And on the rare occasion that I went to church during school, which was more often than I would have predicted, naturally, Central Harlem was the place to be for a good, down to earth, service and prayer.
Even as the population continues to shift, none of that is going any anytime soon. Sure, there are fewer KFC’s and Chicken shacks on 125th Street, but for the most part, churches, barber shops and southern-style restaurants are here to stay for a long, long time. Heck, I was just walking by Amy Ruth’s the other day when I saw about 30 people deep in 30-degree weather—proof positive of the restaurant’s, and the neighborhoods, resistance to gentrification.
Still, gentrification persists, and the numbers suggest that it’s on the rise. According to the NYTimes article, in 1990, just 672 whites occupied Central Harlem. As of 2008, there are over 13,800 whites. Many might say that the rise in white people, and other races, in Central Harlem has accounted for the significant drop of black people in the neighborhood. In 2008, just 77,000 black people were documented in Central Harlem, making up just 62% of the population, whereas in 1990, blacks made up nearly 90% of Central Harlem’s population.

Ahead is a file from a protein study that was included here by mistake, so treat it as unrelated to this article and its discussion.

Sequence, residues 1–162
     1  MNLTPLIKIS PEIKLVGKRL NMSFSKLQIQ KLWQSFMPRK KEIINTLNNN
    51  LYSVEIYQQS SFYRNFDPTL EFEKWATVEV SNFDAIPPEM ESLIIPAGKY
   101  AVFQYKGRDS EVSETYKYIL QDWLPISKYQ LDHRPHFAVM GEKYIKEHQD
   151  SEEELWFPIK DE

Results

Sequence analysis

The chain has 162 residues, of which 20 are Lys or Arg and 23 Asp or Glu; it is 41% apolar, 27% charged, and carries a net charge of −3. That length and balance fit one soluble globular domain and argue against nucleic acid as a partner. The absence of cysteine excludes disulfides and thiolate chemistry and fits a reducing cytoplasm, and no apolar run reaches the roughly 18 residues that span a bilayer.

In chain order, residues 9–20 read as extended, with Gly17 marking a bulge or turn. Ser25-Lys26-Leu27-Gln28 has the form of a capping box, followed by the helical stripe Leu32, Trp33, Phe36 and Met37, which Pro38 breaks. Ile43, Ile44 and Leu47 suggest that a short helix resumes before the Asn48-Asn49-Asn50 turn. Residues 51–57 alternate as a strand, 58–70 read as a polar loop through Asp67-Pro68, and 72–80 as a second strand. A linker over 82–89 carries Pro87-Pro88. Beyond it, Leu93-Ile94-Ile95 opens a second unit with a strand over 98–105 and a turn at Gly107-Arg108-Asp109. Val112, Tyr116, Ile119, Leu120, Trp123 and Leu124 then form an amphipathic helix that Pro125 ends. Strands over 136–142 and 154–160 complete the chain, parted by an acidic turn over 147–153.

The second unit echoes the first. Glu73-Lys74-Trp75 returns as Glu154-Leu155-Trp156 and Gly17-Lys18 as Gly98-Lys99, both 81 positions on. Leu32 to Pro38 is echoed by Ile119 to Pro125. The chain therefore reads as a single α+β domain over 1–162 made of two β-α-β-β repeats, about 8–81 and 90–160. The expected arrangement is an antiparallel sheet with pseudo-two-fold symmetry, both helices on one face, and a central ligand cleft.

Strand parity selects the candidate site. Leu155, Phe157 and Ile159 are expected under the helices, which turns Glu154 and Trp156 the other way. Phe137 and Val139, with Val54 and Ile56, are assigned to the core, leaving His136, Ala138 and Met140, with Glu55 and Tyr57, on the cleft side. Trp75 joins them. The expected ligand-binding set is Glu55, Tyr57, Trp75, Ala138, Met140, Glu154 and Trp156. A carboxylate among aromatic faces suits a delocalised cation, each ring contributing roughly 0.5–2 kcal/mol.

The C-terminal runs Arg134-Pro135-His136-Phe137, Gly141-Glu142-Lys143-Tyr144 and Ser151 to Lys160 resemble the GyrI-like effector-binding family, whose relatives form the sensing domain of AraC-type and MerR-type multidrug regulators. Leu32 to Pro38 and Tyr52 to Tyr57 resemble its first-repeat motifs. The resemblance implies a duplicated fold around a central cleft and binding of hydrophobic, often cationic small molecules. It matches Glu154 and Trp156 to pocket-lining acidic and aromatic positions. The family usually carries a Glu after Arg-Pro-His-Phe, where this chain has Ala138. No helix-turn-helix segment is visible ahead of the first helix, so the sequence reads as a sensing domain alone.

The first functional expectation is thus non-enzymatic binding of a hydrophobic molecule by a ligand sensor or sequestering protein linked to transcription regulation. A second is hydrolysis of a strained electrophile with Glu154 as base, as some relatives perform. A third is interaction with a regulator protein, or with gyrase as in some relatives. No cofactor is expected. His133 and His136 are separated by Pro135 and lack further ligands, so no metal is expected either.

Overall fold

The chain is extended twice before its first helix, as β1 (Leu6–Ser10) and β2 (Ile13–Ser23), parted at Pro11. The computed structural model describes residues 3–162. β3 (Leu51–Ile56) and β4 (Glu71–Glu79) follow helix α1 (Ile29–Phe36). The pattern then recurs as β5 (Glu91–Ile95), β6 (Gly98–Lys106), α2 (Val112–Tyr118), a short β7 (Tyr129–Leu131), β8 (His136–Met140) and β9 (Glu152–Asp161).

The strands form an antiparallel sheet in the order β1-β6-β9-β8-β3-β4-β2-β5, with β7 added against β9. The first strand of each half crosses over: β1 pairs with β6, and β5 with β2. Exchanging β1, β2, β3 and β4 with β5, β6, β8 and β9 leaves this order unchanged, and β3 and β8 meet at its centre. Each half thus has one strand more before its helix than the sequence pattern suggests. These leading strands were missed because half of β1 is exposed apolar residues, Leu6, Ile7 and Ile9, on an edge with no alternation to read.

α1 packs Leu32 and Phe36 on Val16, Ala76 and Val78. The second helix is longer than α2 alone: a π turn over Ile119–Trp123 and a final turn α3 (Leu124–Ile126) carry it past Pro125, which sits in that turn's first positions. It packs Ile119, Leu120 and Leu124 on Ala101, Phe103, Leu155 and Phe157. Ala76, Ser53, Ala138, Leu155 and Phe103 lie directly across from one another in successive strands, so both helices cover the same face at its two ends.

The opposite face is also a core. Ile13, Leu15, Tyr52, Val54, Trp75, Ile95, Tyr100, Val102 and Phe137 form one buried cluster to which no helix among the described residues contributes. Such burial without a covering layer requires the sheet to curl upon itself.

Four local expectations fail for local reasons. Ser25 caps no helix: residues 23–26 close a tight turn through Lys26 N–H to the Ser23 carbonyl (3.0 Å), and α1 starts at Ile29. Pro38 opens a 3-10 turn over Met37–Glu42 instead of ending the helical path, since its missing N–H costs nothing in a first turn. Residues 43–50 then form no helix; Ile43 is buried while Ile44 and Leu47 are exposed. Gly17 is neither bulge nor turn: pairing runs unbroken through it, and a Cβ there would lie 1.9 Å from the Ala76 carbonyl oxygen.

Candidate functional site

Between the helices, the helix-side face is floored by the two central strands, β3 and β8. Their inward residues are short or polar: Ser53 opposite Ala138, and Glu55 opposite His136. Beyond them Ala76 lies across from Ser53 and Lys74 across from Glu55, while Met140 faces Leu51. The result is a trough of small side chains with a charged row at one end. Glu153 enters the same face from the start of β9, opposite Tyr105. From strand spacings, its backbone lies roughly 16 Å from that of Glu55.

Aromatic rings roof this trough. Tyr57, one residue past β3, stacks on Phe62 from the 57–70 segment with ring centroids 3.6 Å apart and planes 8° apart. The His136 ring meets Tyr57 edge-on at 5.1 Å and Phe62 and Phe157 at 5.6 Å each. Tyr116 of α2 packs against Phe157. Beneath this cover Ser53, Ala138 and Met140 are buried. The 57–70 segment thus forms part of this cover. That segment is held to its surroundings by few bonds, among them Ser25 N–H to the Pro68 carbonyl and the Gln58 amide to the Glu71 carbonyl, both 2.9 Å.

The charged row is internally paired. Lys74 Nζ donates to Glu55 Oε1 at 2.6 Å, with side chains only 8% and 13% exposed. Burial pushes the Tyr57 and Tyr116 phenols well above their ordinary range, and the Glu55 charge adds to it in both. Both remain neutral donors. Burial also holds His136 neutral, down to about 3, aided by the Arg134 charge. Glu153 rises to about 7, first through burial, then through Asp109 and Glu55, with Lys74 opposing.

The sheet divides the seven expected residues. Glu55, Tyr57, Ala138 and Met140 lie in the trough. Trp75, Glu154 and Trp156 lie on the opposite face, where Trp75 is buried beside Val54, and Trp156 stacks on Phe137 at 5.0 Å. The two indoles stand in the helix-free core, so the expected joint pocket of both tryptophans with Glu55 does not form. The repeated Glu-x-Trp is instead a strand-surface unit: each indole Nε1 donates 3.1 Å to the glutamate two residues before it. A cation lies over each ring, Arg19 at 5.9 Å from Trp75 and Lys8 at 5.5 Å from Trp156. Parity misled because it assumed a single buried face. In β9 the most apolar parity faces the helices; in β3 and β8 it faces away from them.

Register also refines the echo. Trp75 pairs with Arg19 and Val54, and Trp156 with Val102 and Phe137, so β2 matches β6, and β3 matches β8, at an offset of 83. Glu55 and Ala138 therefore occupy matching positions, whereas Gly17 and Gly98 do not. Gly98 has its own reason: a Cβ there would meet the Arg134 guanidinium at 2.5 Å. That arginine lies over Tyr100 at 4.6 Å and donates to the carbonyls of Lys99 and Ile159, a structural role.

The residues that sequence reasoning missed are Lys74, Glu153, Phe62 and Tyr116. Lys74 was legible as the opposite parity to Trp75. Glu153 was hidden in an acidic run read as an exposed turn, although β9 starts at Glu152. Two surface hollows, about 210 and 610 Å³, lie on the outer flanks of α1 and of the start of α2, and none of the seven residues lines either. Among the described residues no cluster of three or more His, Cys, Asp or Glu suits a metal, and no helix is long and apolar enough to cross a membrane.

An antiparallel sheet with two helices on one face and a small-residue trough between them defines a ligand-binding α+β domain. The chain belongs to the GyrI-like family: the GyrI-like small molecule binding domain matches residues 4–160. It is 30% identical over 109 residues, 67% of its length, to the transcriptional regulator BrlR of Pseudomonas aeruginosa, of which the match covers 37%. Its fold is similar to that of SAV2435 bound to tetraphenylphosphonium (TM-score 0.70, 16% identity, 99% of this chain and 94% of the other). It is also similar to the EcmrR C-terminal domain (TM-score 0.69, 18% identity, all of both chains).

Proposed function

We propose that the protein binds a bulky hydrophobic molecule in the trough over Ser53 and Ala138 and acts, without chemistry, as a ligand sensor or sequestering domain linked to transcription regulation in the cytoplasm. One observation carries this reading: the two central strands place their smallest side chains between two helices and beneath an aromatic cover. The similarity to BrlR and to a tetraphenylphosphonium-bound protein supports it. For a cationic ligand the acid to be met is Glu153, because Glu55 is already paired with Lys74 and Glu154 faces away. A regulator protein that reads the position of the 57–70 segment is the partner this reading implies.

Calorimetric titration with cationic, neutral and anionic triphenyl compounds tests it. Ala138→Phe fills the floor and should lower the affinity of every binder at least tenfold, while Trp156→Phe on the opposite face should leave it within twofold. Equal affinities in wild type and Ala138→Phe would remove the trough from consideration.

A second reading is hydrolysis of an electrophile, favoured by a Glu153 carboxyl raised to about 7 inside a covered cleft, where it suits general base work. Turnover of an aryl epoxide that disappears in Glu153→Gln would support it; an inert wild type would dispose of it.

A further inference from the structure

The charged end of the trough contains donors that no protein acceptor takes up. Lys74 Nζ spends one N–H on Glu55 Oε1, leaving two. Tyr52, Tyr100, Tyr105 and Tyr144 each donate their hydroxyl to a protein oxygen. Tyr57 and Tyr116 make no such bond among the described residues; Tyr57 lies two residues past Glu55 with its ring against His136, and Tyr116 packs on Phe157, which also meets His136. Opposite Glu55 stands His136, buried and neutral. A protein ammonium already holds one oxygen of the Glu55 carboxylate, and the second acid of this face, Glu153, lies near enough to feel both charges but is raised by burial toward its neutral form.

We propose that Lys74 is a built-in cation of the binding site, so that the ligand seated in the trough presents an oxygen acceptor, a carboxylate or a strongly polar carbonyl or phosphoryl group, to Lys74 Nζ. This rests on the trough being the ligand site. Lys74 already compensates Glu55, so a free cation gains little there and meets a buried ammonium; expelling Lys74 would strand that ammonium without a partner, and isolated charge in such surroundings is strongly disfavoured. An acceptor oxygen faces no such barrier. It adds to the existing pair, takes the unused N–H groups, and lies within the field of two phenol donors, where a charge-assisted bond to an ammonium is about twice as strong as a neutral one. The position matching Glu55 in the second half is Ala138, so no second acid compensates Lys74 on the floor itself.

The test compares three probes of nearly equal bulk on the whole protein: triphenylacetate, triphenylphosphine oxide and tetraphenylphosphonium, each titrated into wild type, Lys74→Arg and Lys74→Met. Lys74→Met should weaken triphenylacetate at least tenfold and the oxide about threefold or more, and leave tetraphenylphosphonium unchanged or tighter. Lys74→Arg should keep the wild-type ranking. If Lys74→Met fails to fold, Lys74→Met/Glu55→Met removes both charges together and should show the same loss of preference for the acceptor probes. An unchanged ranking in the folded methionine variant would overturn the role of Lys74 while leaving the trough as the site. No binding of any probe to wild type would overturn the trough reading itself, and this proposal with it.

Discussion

However, displacement is an unlikely cause of the decline in the area’s black population. According to the article, there are several other reasons that could explain the decline. One of which is the fact that black people migrating to New York City don’t have to live in Harlem anymore. Take me for example; I came to New York living on the trendy campus of an Ivy League institution. Other black students are probably in similar situations, while middle-class, black college-grads moving to the city don’t feel the pressures of segregation that once caused Harlem to become the capital of Black America.